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Following the success of You Must Be Joking, Thames Television children’s producer Roger Price gave Pauline Quirke the starring role in an even more outlandish comedy.
Pauline’s Quirkes cast the seventeen-year-old as bolshie mistress of ceremonies, obsessed with Flintlock, the house band featuring Mike Holloway, who also starred in The Tomorrow People.
Modelled on The Bay City Rollers, Flintlock inspired similar levels of randy delirium in young girls, as the TV Times discovered when their reporter trailed a gang of stalkers camping outside their houses.
Price, amused and concerned by the slavish adoration such ordinary lads could command, mined the fandom for subversive giggles.
Sketches included Quirke and Linda Robson buying and selling Flintlock members as slaves, complete with chains and leather accessories (“I’ll ‘ave ‘im!”), and an odd gender reversal number wherein the girls tried to look up the skirt of a cross-dressing Flintlocker climbing a ladder in a library.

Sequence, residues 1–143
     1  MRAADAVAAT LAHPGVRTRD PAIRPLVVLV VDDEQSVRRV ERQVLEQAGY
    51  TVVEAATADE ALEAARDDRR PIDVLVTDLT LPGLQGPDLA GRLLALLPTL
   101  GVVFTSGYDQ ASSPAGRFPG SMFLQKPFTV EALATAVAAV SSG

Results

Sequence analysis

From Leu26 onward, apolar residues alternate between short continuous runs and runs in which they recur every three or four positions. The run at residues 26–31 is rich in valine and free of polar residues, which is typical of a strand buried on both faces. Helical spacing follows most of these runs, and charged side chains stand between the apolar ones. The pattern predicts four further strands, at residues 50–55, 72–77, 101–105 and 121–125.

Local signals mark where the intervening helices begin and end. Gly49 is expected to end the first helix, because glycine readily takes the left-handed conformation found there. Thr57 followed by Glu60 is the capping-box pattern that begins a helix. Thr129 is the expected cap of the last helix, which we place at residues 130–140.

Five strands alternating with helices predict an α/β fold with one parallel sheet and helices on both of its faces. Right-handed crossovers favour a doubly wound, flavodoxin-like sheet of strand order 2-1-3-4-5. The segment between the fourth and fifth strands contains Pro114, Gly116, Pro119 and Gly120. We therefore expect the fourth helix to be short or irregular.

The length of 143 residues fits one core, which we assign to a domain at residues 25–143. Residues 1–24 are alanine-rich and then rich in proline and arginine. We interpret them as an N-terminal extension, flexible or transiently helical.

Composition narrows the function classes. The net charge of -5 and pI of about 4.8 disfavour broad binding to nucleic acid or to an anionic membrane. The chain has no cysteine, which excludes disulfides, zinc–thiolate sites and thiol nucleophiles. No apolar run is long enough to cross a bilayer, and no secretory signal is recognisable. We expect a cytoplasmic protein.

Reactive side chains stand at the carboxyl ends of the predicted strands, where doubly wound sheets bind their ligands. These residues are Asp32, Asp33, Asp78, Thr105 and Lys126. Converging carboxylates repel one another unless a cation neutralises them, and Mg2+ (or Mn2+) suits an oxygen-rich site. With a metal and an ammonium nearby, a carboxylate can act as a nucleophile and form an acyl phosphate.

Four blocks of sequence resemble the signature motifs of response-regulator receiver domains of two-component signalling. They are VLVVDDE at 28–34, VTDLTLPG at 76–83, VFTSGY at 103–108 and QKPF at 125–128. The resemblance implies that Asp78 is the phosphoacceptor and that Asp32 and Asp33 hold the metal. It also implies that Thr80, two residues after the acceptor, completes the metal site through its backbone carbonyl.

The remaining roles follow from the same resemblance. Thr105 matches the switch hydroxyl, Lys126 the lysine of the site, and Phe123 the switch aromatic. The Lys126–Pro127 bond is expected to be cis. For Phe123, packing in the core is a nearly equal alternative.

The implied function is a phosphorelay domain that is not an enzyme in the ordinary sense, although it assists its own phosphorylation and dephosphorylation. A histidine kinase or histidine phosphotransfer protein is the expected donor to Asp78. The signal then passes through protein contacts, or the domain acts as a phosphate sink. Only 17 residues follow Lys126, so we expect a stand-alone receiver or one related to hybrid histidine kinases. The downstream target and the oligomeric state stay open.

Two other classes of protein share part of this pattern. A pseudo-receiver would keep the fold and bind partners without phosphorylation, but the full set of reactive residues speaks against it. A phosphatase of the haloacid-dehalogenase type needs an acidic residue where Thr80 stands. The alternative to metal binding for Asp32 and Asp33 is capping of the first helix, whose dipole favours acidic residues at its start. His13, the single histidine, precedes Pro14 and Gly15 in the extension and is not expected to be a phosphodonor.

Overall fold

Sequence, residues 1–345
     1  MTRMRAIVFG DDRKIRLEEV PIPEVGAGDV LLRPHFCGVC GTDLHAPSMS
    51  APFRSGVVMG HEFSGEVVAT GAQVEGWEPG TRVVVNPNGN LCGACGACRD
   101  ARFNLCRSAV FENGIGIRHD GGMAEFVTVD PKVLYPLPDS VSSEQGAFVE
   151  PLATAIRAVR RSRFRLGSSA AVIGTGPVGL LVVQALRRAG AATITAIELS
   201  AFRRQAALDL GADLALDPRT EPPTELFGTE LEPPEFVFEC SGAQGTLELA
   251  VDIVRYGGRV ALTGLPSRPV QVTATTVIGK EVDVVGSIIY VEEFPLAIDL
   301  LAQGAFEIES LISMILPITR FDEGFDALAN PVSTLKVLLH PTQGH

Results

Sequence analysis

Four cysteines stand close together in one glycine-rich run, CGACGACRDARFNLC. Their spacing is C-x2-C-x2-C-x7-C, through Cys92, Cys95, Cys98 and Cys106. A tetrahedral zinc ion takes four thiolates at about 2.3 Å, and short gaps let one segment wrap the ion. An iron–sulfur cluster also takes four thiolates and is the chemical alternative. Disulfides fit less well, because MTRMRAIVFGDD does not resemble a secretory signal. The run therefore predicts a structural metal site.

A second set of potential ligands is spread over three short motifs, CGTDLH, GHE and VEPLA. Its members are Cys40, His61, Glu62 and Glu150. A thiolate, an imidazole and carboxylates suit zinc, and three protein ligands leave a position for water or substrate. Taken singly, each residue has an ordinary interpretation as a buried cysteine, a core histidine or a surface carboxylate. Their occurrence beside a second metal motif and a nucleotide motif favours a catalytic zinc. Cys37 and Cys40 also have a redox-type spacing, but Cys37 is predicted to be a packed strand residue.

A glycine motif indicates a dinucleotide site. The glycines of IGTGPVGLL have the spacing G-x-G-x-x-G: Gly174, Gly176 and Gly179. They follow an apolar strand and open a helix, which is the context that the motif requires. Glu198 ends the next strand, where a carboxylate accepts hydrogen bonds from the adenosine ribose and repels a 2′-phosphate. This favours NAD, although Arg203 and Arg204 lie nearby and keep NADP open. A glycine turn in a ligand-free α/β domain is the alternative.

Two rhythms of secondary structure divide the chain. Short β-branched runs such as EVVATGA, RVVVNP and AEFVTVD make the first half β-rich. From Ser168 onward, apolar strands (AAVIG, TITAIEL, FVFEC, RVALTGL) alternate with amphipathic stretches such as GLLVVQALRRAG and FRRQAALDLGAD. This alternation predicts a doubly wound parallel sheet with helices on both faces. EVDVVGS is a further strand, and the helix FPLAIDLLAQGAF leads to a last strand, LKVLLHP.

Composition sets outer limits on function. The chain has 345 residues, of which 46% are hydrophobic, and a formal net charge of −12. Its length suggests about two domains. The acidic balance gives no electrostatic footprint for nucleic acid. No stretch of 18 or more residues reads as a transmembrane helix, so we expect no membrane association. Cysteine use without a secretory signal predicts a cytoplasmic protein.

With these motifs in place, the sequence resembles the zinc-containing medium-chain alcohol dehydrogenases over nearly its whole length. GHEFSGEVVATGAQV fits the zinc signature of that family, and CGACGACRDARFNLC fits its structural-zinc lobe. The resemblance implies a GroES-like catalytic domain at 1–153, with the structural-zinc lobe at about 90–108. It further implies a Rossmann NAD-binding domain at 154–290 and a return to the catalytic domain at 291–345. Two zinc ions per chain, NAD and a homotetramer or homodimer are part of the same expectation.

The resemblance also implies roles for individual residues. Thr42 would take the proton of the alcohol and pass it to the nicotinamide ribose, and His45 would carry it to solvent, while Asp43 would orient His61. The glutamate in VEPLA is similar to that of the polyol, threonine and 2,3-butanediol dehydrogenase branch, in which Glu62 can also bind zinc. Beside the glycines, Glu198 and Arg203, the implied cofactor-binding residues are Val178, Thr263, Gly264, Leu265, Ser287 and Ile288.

Then there was Quirke’s continuing quest to get hold of a rumoured nude poster of the boys, whipping the under-16 female studio audience into a lustful frenzy with the rallying cry “Get ’em off!”
Flintlock did eventually appear nude – albeit with their groins rendered transparent by Chroma keyed swimming trunks, leaving Quirke crestfallen that they had “nothing down there”.
Despite complaints from adult viewers and TV critics, Pauline’s Quirkes continued, in most regions, to the end of the year, introducing Pauline’s all-girl rival group, The Flintarts, throwing themselves at Radio DJs Mike Read and Steve Wright.